Sigmund Lampka grew up in a German farming family and, from the age of eight, dreamt of owning his own farm. However, despite his family connections Sigmund’s working life started out in an Opel car factory. It wasn’t until he read an article about farming in Ukraine, while he was still working in the car business, that his agricultural dream started to become a reality. Ukraine fascinated Sigmund and he realized it could offer him the opportunity to farm. He quickly began making business contacts and moved to Khmelnytskyi Region in west Ukraine in 2004.
How did the Lampka Agro business develop?
Back in 2004 Sigmund began farming on a 500-hectare farm in Velyki Zozulyntsi, a village in the Krasylivskyi district of Khmelnytskyi Region which lies about 330km west of the capital Kyiv. Since then his farm has undergone dramatic growth and Sigmund’s company, Lampka Agro, now covers more than 10,000 hectares. The main crops grown are winter wheat, winter oilseed rape, corn, soybeans, sugar beet, peas, poppy seeds and oilseed pumpkins. The business also plans to include chickpeas and different types of beans in the list of its crops.
What is Sigmund’s favourite part of the business and which time of year is the most rewarding?
Of the crops, Sigmund admits to preferring winter wheat which he describes as a classic crop for German farmers. He says it’s a very rewarding crop to grow because it is reliable and will produce a good yield in a typically wet Ukrainian year, yet it can still return a decent harvest if the weather is dry.
As for the time of year, he favors drilling and the period soon after, when plants are growing and changes in the fields can be seen day by day. He says that is a special time when it’s possible to analyze “what has been done right, where mistakes have been made and to make forecasts for the future harvest”. In contrast, sugar beet harvesting, during a wet autumn on fields that look like an army training-ground, is a seasonal low.
What crop control chemicals are used on the farm and how does co-operating with ADAMA work?
Currently, ADAMA's products are the basis for soy management and sugar beet - a crop which would be impossible to cultivate on the farm without the herbicide Goltix, Sigmund believes. He has worked alongside ADAMA on a number of projects including one on cultivation programmes for soybean which has just started.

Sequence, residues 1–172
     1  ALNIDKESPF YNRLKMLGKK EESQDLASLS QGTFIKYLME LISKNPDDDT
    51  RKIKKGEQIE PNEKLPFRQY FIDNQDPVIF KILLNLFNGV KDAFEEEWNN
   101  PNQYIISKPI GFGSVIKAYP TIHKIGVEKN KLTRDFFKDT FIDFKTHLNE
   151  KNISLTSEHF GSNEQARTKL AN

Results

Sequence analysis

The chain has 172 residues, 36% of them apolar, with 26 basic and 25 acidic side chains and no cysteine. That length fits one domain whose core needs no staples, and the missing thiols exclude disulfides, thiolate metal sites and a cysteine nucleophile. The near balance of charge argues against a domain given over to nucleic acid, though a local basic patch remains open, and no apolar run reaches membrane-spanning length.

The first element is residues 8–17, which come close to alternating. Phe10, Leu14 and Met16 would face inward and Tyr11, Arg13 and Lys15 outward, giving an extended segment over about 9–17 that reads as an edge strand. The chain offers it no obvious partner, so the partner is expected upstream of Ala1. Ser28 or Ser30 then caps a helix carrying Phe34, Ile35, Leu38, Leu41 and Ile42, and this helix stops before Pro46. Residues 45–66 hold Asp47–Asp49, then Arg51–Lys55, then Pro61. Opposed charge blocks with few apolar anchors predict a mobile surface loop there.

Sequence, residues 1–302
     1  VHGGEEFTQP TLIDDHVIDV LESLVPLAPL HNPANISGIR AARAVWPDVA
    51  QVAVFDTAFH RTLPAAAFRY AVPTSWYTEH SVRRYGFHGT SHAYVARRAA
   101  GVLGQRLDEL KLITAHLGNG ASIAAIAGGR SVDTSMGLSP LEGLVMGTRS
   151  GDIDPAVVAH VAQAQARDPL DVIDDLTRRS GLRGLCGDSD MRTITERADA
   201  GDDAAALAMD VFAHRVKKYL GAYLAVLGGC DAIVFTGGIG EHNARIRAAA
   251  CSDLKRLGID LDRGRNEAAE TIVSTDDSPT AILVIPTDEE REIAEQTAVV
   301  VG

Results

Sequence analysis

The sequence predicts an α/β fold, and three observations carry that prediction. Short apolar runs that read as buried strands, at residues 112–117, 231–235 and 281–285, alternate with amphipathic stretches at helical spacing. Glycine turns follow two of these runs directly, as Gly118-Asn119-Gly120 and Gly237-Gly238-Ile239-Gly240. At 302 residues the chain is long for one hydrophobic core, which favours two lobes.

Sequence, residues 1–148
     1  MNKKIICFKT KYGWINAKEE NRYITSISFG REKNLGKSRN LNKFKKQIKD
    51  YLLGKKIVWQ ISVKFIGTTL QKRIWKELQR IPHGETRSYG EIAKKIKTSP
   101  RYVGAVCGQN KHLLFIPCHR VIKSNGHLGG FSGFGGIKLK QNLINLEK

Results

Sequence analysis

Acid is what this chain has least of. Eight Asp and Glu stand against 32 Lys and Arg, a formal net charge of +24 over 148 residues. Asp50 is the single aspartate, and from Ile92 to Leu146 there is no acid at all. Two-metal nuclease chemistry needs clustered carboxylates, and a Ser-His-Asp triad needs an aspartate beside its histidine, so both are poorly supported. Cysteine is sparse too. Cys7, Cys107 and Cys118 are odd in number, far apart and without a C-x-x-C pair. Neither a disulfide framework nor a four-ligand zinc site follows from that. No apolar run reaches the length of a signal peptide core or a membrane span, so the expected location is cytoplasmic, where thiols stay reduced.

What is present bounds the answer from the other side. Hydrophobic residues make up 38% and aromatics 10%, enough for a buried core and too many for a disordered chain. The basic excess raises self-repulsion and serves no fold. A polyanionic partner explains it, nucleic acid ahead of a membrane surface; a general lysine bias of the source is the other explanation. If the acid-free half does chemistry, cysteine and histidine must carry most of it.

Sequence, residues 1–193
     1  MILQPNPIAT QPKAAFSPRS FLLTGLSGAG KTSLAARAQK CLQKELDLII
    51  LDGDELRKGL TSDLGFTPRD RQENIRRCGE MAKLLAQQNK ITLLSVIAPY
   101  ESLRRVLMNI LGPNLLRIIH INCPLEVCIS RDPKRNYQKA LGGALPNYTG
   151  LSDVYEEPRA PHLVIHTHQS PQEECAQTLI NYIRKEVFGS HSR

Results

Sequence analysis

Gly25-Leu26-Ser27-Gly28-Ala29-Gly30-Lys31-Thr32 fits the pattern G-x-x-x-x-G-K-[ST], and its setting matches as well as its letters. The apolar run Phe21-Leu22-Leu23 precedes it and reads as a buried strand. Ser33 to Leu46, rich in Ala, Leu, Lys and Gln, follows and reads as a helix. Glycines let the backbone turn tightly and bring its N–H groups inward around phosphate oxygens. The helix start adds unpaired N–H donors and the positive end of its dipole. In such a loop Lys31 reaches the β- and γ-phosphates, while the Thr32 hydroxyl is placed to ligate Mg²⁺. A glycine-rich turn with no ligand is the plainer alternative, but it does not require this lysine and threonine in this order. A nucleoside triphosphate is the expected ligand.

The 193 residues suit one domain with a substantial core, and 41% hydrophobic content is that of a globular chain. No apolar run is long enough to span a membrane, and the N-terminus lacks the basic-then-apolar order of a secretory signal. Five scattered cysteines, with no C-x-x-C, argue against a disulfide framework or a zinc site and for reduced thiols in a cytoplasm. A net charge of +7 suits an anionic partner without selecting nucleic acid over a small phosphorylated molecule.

Lampka Agro also works closely with ADAMA on payments for plant protection products. In 2015, Lampka Agro became the first customer to pay for agrochemicals in rapeseed. The following year under ADAMA’s Harvest Programme the farm paid for chemical protection products with wheat and received a bonus in addition to the market price. ADAMA has since developed specific software ‘ADAMA Fin’ which allows Sigmund to monitor crop prices and speculate on crop futures. This allows him to select the best forward price on which to base negotiations with ADAMA before settling on contract terms.
What challenges does the Ukrainian weather present?
Weather is one of the things that growers have never been able to influence in any way, but climate change has made managing a farm even more difficult, according to Sigmund. Modern day farmers always must bear in mind that a drought or hurricane is possible in the current unstable climate, but rents, taxes and employee wages still have to be paid. And he admits while lower yields mean higher prices - which go some way to compensating for the impact of the weather - he is unsure where climate change will end and what the long-term impact will be.
What is the long-term plan for the farm?
Sigmund has two sons who are both studying agriculture in Germany. In the short-term he believes there is enough land for them to farm alongside him. But in the longer-term Sigmund hopes his sons will eventually take on the business and continue the development of the farm he has worked so hard to establish.